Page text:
The decision to hire an independent evaluator versus an internal staff member can be difficult depending on the breadth of the evaluation work and the long-term vision for the organization. Below we have listed the considerations of each option and a few questions to consider when making this decision.
Independent Evaluator (External Contract)
More likely to maintain impartiality
More likely to reduce bias in the work
Identify questions that may seem evident to internal staff, but not easily evident to others. This can better inform dissemination strategies and public facing communication.
Specific deliverables, action items, and tasks can be defined and a part of the payment structure.
Do not have to pay organizational benefits such as health insurance, 401K, family leave, etc.
May cost more per hour but is time-limited.
If the project is long term, you may need to execute separate contracts for different time periods, or limit hours during lulls. This will allow you to reduce unnecessary payments when there is little work for the evaluator. A good example of this is when you have defined a project and data elements, and you are collecting these data from your electronic health system over the course of a number of months to examine an intervention. You may need an hour here and again to troubleshoot issues, but you will not need the same attention as during other periods of the evaluation.
If you do not like the evaluator, you can end the contract and look for a different evaluation partner.
Sometimes internal staff will view an independent evaluator more like an auditor, and they may be more reluctant to collaborate. It is also possible that they like that the evaluator is independent of staff meetings and other opportunities for them to discuss program improvement and shortfalls.
A few questions for consideration:
Does the organization want to pay for specific deliverables/action items/tasks, or pay a weekly salary?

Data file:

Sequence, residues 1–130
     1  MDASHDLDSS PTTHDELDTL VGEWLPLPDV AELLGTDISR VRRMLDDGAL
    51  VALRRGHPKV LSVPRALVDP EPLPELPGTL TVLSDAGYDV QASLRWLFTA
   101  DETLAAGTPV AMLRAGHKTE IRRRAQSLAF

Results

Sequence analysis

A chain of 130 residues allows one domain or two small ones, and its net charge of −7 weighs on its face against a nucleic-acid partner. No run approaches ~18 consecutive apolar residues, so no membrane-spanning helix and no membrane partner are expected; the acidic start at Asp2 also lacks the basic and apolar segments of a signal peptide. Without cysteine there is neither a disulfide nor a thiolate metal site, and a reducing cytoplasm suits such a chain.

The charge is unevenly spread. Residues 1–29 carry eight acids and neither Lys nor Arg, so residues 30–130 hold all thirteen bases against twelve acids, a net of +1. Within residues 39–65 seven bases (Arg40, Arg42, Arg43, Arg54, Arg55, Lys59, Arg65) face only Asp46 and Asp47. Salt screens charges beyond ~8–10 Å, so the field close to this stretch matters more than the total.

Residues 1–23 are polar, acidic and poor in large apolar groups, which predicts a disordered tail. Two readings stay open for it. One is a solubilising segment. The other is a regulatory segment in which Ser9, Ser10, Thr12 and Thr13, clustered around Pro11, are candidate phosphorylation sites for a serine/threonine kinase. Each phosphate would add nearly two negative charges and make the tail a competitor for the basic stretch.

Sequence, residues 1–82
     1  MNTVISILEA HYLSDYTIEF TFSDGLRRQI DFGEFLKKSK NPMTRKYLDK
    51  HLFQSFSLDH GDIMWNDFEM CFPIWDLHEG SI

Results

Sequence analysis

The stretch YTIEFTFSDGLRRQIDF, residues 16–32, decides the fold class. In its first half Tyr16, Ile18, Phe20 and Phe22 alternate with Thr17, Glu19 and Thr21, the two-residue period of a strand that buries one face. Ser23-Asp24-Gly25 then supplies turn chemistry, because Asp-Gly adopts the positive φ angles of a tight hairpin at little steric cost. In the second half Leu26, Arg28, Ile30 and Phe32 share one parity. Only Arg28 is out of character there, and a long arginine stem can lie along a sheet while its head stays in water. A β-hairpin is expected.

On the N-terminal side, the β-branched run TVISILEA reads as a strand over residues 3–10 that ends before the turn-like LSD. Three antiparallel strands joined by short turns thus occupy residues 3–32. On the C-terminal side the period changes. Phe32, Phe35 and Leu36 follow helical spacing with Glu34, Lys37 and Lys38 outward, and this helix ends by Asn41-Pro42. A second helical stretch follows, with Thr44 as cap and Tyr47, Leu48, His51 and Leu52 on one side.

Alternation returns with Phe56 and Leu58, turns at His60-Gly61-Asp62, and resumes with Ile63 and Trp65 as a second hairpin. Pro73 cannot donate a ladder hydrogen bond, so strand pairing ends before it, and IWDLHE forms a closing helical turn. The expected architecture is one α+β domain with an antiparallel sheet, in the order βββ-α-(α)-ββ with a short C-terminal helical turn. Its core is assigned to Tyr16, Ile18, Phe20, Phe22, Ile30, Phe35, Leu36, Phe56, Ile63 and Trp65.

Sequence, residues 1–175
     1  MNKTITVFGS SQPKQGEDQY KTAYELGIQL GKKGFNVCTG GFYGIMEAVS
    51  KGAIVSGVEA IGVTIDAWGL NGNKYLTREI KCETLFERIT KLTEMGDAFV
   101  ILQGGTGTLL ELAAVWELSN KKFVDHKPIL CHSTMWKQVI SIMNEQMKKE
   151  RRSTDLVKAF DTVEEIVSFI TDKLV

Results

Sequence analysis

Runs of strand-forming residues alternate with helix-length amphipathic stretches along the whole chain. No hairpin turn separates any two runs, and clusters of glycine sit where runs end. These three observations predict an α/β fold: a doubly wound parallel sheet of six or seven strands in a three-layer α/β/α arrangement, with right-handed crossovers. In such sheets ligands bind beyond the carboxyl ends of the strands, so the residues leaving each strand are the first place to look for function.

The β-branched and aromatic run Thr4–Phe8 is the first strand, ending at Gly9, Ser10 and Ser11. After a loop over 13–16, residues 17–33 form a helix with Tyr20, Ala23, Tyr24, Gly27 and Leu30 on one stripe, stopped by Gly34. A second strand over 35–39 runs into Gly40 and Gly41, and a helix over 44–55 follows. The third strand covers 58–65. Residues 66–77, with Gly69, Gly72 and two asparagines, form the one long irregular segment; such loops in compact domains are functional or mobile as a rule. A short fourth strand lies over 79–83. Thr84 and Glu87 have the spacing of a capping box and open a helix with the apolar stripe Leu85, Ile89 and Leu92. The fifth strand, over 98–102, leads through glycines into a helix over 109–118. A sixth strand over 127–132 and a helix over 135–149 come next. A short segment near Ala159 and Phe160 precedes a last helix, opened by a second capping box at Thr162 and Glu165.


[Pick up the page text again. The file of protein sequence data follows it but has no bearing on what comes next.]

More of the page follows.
How much does the organization anticipate evaluation work and time will fluctuate?
How removed do you want the evaluator from the daily work?
Do funding sources require an independent evaluation?
Internal Evaluation Staff Member
If your organization has a variety of programs that need an evaluator, it may make the most financial sense to hire an internal staff member. You need enough work to keep an individual or team busy full time.
More likely to become ingrained in the workflow and programmatic efforts. Once onboard, they will not need to relearn the entire environment for each evaluation.
Extreme familiarity with organization policies and procedures.
If full-time they will require the same benefits as other staff (health insurance, family leave, 401K, etc).
The organization will have to pay for training to ensure that the staff member/team is equipped to utilize appropriate evaluation methods. This will require attendance to conferences, professional development, and networking opportunities.
The organization needs to ensure that the evaluator can optimize impartiality such that her or his pay or bonuses are not tied to programmatic outcomes. It should be clearly communicated that negative or suboptimal findings are not the responsibility of the internal staff member.
A few questions for consideration:
Does the organization have appropriate expertise and time to provide supervision to an internal staff member? Who will provide the necessary supervision for the evaluation staff member?
What resources are available to connect the staff member with evaluation experts, mentors, and knowledge?
How can communication be optimized such that leadership listens to and values negative or suboptimal findings?
How will the broader team view an internal evaluation staff member? Will they view them as an ally or an auditor?
If you have further questions about the strengths and challenges to hiring an independent external evaluator versus an internal evaluation staff member, please feel free to contact us through our website or email us at email@example.com.